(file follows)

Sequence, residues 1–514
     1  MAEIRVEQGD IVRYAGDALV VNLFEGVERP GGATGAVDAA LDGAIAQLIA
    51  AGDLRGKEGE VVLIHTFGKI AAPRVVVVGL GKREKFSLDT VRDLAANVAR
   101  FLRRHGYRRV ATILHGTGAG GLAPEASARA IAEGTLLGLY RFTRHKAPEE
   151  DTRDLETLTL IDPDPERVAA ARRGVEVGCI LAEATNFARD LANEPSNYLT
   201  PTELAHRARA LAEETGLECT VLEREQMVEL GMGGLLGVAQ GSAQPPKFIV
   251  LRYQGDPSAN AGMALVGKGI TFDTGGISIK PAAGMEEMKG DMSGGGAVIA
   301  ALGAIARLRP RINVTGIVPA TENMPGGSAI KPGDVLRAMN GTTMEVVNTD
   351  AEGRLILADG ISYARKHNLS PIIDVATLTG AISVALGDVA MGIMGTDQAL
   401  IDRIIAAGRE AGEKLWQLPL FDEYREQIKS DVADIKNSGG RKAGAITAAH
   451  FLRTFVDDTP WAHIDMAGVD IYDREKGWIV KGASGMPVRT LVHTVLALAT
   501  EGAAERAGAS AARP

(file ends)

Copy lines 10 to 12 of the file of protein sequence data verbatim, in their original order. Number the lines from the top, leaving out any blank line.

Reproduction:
   401  IDRIIAAGRE AGEKLWQLPL FDEYREQIKS DVADIKNSGG RKAGAITAAH
   451  FLRTFVDDTP WAHIDMAGVD IYDREKGWIV KGASGMPVRT LVHTVLALAT
   501  EGAAERAGAS AARP